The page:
Saloonside Sermonizing

Clickbait cinephilia has nothing to do with a love of movies and everything to do with a love of what millennial media meat-puppets call ‘content.’ It’s about jockeying for relevance, wielding listicles for mass appeal and lobbing think-pieces about our ‘cultural moment’ to curry misdirected respect. Ideally, the cultural moment—in film and in everything else—should be interpreted by our dwindling stock of legitimate intellectuals and not by industry analysts and film studies majors and fanboys of all stripes. Industry analysts should crunch numbers, not pretend at prose. Film studies majors, please keep ascending your theory-gilded staircase into that great Deleuzean lecture-hall in the sky. Fanboys, learn that you can consume talented folks’ cultural output without having to write anything about it.

The cinematic zeitgeist, as with any zeitgeist, is a dead end. Just peer into the virtual piranha tank of Cinephile Facebook, toss in a morsel of maybe-news (uh, Roger Deakins weighed in on the film vs. digital dead horse) and watch the most bloodless feeding frenzy in history unfold before your unenthused eyes. So many adolescent film critics chomping away in all directions, intaking little of any importance and spewing out topical ‘film writing’ that’s even worse.

But, hey! There is a way to produce meaningful writing about film without the cognitive malnourishment of ‘Remember Clueless? We can make that movie into a think-piece, right?’ And it’s so easy. Just invert the nervous sexual tension of wannabe film crit relevance—and that is exactly what it is: jittery, charmless kid writers who over-rely on auteurist/academic/Ebert-populist modes of audience address the same way inexperienced teens nervously overdress for a casual date—into a confident self-indulgence that knows exactly the subjects with which it is compatible and exactly how to write about them so that all parties walk away satisfied. There is no zeitgeist to be exploited or listicle to be forged out of the immaculate comedic gifts of an Edward Everett Horton—and all the better for it! I can pour out my love for that genius in my corner of the web that nobody will ever read and, in so doing, will have brought more actual JOY into this world than any of those counterfeit Taste of Cinema best-of lists designed strictly to validate the styrofoam taste of its lunkhead readership.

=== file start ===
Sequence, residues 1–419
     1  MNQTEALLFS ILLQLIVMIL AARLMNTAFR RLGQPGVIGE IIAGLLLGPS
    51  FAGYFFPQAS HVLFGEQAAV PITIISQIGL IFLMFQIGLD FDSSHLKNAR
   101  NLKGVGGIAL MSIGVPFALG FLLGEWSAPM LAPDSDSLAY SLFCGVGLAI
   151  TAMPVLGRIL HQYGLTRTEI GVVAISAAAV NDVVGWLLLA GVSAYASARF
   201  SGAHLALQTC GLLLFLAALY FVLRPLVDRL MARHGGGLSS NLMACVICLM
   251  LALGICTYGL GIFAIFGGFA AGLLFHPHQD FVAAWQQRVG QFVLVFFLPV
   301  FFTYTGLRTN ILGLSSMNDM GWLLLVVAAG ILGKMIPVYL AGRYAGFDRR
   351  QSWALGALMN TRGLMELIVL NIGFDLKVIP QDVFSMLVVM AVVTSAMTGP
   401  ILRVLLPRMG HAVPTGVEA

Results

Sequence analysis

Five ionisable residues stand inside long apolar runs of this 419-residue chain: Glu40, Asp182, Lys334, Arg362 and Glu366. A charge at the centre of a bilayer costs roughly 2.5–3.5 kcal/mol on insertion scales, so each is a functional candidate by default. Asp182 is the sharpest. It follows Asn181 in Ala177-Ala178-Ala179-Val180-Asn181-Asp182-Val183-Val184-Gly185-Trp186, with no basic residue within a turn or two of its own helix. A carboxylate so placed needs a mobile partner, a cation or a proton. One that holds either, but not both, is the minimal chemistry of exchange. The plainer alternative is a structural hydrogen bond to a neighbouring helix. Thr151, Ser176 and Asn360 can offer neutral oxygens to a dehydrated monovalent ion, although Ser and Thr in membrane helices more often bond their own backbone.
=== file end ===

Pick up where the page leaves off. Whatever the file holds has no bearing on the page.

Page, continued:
The greatest film site on the Internet today is written by a near and dear—well, dear, anyway—friend of mine with an audience of zero people in mind. His site is so allergic to readership that I will not do it the disfavor of publicizing it by name. But it contains writing that is so genuine, manic, maddening, exhilarating that it shames the musty old Andrew Sarris catechism a thousand times over.

Cinephilia is a church whose elders swear by moldy old thought-models and whose acolytes have poisoned online film discourse by perennially fishing for the latest newsworthy inanity to wax pretentious about. We need more heathens in our midst! The kind of people who stay home from the Sunday service to actually watch movies.

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